The acute chest syndrome is the leading cause of death among patients with sickle cell disease. Since its cause is largely unknown, therapy is supportive. Pilot studies with improved diagnostic techniques suggest that infection and fat embolism are underdiagnosed in patients with the syndrome. In a 30-center study, we analyzed 671 episodes of the acute chest syndrome in 538 patients with sickle cell disease to determine the cause, outcome, and response to therapy. We evaluated a treatment protocol that included matched transfusions, bronchodilators, and bronchoscopy. Samples of blood and respiratory tract secretions were sent to central laboratories for antibody testing, culture, DNA testing, and histopathological analyses. Nearly half the patients were initially admitted for another reason, mainly pain. When the acute chest syndrome was diagnosed, patients had hypoxia, decreasing hemoglobin values, and progressive multilobar pneumonia. The mean length of hospitalization was 10.5 days. Thirteen percent of patients required mechanical ventilation, and 3 percent died. Patients who were 20 or more years of age had a more severe course than those who were younger. Neurologic events occurred in 11 percent of patients, among whom 46 percent had respiratory failure. Treatment with phenotypically matched transfusions improved oxygenation, with a 1 percent rate of alloimmunization. One fifth of the patients who were treated with bronchodilators had clinical improvement. Eighty-one percent of patients who required mechanical ventilation recovered. A specific cause of the acute chest syndrome was identified in 38 percent of all episodes and 70 percent of episodes with complete data. Among the specific causes were pulmonary fat embolism and 27 different infectious pathogens. Eighteen patients died, and the most common causes of death were pulmonary emboli and infectious bronchopneumonia. Infection was a contributing factor in 56 percent of the deaths. Among patients with sickle cell disease, the acute chest syndrome is commonly precipitated by fat embolism and infection, especially community-acquired pneumonia. Among older patients and those with neurologic symptoms, the syndrome often progresses to respiratory failure. Treatment with transfusions and bronchodilators improves oxygenation, and with aggressive treatment, most patients who have respiratory failure recover.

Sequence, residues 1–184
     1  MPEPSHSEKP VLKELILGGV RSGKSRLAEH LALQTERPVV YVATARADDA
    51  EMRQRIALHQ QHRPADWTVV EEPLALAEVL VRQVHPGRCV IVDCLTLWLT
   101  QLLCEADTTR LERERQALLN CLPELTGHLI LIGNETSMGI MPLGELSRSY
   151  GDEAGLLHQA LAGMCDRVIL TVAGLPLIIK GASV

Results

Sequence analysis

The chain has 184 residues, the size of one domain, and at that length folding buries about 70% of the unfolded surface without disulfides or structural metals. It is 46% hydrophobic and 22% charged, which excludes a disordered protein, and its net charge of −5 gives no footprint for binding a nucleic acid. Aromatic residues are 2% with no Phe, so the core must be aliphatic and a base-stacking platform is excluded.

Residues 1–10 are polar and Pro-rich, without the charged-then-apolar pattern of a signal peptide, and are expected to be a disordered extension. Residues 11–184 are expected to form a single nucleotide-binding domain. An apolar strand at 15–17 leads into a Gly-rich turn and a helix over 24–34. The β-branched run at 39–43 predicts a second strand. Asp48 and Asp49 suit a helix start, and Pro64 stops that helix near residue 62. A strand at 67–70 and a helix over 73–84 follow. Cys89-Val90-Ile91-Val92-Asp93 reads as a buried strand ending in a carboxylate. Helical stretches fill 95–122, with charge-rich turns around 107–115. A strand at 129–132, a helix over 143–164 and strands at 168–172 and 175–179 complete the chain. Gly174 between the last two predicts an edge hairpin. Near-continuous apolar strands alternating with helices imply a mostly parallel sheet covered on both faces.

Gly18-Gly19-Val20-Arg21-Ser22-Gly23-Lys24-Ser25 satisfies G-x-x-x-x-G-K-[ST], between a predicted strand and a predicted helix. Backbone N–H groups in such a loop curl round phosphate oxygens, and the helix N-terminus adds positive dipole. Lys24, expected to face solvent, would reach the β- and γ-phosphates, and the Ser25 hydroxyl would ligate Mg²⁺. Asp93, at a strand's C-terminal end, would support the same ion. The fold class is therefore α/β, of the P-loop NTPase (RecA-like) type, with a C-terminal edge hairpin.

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                Author and article information

                Journal
                Nature Reviews Disease Primers
                Nat. Rev. Dis. Primers
                Springer Nature
                2056-676X
                March 15 2018
                March 15 2018
                : 4
                :
                : 18010
                Article
                10.1038/nrdp.2018.10
                29542687
                c080dd2e-70e9-42c3-ad9d-5069d6355dbd
                © 2018
                History